Brigadier Gen. J. Timothy Boddie Shares His Stories From Vietnam

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PLANO -- Brigadier General J. Timothy Boddie from Plano entered the United States Air Force in 1954.

“The Korean War was over, and I had to wait a long time to get a pilot training slot because they were reducing the number of pilots that they needed,” he explained.

In 1965, General Boddie arrived in Vietnam, and he won’t ever forget that first day.

“We lost seven aircrafts that day. It was devastating. It was one of those things where the guys were going in through an overcast, but they went through this big hole and all the guns in North Vietnam were aimed at that big hole. I guess that was my welcome.”

Gen. Boddie flew over 200 missions.

“Easter Sunday Morning 1967, I was fragged out on a mission, and we got in contact with the FAC. He said, 'Well, we have some areas here where we have seen some bad guys,'” Gen. Boddie said. “He said, ‘I’m going to drop some smoke right in the city.' So, I watched the smoke hit, and he said, 'You see that large building like 9 o' clock to my smoke?' I said, 'Yeah, I see it.' He says, 'I want you to hit it with API, Armor piercing Incendiaries on my cannon.'"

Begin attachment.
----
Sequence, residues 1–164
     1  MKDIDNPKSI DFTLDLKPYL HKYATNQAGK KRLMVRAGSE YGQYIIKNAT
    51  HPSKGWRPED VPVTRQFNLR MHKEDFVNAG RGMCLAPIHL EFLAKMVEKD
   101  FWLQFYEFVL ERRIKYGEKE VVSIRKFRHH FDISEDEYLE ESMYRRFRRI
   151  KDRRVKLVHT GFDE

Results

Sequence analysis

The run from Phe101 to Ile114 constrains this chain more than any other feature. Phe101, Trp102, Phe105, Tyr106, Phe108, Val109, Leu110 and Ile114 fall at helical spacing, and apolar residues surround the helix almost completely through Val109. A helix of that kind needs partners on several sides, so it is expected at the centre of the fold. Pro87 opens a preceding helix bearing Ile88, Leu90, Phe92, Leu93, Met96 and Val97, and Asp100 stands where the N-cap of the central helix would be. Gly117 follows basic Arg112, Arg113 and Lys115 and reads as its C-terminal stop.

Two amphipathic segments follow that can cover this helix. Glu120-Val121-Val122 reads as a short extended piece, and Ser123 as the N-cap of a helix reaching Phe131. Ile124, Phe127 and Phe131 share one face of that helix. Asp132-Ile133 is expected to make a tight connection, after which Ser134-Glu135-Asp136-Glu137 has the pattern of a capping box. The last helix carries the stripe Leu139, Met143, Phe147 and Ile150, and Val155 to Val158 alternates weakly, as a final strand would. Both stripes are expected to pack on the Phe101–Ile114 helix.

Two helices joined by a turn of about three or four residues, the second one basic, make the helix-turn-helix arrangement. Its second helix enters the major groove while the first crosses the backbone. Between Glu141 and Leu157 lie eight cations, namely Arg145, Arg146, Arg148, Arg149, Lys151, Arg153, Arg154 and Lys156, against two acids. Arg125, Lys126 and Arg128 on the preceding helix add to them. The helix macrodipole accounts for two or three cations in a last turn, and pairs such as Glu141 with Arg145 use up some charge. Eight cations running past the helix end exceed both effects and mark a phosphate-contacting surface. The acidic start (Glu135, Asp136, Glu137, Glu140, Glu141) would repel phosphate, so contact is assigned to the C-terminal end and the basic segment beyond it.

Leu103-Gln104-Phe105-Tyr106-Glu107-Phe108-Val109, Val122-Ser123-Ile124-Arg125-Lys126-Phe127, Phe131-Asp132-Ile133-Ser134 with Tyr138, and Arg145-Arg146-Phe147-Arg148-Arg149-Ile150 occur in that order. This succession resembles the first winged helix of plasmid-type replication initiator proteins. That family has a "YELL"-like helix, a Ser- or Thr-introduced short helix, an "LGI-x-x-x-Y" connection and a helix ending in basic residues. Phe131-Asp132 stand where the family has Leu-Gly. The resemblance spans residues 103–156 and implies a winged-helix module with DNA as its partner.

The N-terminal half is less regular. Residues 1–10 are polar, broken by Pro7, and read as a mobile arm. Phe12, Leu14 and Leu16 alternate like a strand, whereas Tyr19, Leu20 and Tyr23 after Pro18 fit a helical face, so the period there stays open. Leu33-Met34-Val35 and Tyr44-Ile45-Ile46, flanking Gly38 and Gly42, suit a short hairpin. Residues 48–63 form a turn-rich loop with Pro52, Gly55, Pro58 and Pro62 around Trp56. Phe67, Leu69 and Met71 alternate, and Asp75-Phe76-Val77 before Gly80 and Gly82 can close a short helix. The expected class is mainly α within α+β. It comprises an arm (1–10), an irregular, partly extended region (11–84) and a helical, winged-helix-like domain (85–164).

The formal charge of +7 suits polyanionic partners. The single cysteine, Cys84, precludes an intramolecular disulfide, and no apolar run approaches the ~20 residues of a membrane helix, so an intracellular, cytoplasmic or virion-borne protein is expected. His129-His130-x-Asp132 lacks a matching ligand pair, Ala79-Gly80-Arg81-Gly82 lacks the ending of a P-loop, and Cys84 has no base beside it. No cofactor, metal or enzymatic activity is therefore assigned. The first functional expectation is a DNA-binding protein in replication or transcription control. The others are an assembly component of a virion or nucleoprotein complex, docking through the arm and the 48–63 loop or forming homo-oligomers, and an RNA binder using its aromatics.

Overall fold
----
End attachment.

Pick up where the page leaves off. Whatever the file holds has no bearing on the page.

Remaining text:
“I was about 6,000 feet out. I said, 'That looks like a church!' He said, 'It is.' He said we have spread leaflets all around that area to tell people to evacuate and so forth. He said I want you to hit it. I said, 'Jesus, it's Easter Sunday Morning. Are you serious?!'  So, sure enough, he said yeah. I rolled in and I opened fire way out about 6,000 feet and hit the church, and it blew up! I had to yank and bank and pull so I wouldn’t go through the debris that was used as a weapon storage area for the bad guys."

“I think this country owes an extreme debt of gratitude to the vets that have served in Vietnam, the Vets that served in Afghanistan and Iraq, the vets that served in Panama. I mean, all the contingencies where we lost lives. And It's the veterans who paid through the nose if you will.”